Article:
Imaging Early Micro-Structural Bone Changes in the Rheumatoid Hand: A High Resolution-Peripheral Computed Tomography (HR-pQCT) Study in People with Newly Diagnosed RA

Principal Investigator: 
University of British Columbia
Faculty of Medicine
Physical Therapy
Award Type: 

Rheumatoid Arthritis (RA), affects one percent of the general population. Radiographic (x-ray), evidence of bone thinning (osteoporosis), and bony destruction (erosions), in the bone surrounding inflamed joints is an important diagnostic criterion for RA. These changes are present in the hands and feet of 80 percent of people with RA and can have profound implications with regard to the development of hand deformity, functional limitations and the need for restorative joint surgery. Early presentation of destructive bone changes is associated with a more aggressive disease progression and evidence suggests that starting disease-modifying anti-rheumatic drugs (DMARDs), soon after the diagnosis of RA may help prevent some people from developing bone damage. However, not all people with early RA respond to DMARDs, with 'non-responders' requiring more aggressive interventions including trials of combinations of different drug treatments or biologic response modifier drugs. Unfortunately, the time delay associated with implementing effective treatment in people with more aggressive or resistant RA means they are at greater risk for permanent bone damage. Current clinical imaging with Dual X-ray Absorptiometry (DXA), Computed Tomography (CT), and Magnetic Resonance Imaging (MRI), can detect bone damage earlier than x-ray but these tools are not able to identify the initial 'micro-structural' changes in the early RA hand. Dr. Lynne Feehan is characterizing early 'micro' structural hand bone changes over a two-year period in people with newly diagnosed RA using High Resolution - Peripheral Quantitative Computed Tomography (HR-pQCT), a promising new imaging system capable of imaging the very fine bone internal 'micro' detail at a resolution equivalent to the diameter of a human hair. The results of Dr. Feehan’s research could improve patient’s early access to appropriate therapy, and thereby improve their quality of life.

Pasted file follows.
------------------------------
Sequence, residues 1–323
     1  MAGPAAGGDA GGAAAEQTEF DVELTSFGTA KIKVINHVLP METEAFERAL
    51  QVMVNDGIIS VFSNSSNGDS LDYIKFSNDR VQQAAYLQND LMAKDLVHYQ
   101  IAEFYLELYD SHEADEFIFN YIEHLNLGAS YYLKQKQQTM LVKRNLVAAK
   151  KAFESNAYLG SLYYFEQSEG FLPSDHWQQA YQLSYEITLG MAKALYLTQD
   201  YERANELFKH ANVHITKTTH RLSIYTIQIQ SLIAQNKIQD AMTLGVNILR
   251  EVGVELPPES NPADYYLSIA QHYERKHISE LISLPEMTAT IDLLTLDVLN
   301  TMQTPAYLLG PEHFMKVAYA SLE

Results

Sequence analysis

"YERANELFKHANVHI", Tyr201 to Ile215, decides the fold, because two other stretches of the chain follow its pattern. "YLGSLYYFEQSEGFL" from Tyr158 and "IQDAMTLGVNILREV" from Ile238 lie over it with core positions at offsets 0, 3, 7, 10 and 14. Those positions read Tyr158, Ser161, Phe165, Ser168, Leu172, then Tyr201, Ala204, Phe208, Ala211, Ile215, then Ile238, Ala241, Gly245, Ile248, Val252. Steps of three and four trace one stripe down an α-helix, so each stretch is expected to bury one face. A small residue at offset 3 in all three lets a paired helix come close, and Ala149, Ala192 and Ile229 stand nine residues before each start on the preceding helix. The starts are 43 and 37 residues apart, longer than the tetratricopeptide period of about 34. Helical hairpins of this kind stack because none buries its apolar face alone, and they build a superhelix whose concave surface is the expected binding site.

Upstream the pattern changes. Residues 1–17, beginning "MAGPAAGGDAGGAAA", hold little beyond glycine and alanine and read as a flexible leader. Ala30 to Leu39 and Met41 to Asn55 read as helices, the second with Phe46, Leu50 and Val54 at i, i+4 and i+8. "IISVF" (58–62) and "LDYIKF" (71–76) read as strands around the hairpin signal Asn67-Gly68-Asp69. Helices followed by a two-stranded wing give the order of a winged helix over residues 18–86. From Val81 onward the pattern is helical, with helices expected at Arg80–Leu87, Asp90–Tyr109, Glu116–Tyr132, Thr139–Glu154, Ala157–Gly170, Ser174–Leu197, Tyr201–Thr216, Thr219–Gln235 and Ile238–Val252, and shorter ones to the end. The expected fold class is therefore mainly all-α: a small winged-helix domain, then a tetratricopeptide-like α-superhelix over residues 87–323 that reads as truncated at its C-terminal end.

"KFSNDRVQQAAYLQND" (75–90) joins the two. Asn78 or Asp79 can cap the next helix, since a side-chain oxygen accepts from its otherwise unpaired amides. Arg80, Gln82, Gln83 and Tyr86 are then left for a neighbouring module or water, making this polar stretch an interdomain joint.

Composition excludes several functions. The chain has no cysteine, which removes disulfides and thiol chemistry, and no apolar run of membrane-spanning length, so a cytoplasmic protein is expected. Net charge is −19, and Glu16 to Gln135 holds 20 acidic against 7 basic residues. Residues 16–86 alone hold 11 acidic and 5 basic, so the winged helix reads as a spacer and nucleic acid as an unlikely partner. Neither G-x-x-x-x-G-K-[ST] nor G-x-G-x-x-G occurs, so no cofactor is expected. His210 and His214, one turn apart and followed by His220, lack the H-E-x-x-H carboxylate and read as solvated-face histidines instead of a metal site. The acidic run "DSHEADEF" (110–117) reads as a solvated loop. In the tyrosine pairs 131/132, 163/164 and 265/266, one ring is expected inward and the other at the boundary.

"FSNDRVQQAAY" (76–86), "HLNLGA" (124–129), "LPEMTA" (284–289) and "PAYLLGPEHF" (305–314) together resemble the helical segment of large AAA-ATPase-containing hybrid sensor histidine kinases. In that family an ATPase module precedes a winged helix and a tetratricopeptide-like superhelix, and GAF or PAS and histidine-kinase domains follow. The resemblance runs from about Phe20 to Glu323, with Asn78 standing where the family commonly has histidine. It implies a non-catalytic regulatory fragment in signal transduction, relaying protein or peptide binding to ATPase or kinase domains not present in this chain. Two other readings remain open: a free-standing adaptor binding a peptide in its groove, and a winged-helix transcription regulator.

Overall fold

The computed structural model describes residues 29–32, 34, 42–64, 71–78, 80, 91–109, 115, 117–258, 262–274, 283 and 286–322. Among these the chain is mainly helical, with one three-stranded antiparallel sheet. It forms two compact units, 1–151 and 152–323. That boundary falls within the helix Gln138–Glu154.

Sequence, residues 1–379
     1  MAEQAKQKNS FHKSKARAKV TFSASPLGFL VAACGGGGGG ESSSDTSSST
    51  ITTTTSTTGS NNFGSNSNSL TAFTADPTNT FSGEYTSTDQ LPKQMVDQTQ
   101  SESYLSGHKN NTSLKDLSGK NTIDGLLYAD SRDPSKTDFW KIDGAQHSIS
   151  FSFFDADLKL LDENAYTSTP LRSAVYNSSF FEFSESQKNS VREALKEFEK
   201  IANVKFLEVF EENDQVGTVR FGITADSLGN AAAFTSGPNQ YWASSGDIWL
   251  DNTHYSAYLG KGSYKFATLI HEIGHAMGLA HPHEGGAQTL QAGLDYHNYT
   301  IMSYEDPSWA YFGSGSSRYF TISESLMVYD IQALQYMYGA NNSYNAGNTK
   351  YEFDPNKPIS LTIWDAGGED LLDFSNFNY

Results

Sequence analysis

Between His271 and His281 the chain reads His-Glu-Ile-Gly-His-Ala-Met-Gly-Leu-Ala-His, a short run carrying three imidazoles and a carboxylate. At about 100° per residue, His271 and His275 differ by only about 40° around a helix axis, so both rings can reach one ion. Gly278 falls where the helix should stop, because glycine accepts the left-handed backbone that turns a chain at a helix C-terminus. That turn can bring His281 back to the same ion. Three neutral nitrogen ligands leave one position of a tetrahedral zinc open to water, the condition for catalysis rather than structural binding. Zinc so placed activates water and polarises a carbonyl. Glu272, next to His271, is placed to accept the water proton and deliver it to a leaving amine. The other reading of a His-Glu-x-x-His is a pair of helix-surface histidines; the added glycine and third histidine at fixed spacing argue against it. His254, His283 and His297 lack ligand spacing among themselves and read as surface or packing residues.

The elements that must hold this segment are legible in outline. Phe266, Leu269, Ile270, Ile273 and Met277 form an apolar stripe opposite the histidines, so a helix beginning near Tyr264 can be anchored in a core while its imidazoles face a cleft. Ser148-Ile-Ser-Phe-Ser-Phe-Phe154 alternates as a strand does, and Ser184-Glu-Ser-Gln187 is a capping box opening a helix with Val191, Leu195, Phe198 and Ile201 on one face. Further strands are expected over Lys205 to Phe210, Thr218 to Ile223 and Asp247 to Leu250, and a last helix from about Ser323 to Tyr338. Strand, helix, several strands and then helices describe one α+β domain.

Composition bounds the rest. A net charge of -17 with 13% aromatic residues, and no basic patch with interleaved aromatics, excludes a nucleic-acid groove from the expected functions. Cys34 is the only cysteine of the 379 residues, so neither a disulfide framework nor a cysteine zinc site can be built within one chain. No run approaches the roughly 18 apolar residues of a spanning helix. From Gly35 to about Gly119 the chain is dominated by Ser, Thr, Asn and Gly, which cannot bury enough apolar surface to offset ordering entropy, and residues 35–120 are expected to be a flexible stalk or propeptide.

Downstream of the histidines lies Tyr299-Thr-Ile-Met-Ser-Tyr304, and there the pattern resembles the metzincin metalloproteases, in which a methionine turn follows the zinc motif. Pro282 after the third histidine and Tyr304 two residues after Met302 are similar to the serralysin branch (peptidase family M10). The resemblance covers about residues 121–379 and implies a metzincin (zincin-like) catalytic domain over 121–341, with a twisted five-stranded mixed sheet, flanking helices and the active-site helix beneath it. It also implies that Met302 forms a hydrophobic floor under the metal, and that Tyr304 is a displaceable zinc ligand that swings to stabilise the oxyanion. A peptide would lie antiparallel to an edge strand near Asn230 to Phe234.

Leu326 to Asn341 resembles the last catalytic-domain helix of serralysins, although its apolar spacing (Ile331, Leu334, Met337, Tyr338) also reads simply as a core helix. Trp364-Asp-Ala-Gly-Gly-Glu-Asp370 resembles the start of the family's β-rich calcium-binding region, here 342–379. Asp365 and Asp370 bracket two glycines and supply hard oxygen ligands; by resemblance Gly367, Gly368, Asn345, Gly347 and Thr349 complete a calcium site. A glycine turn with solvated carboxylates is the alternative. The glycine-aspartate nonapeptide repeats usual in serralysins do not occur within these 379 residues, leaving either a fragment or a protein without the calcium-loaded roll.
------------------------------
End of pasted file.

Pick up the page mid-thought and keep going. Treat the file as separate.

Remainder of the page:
Research Pillar: 
Host Institution: 
University of British Columbia
Research Location: 
Vancouver Coastal Health Research Institute
Linda Li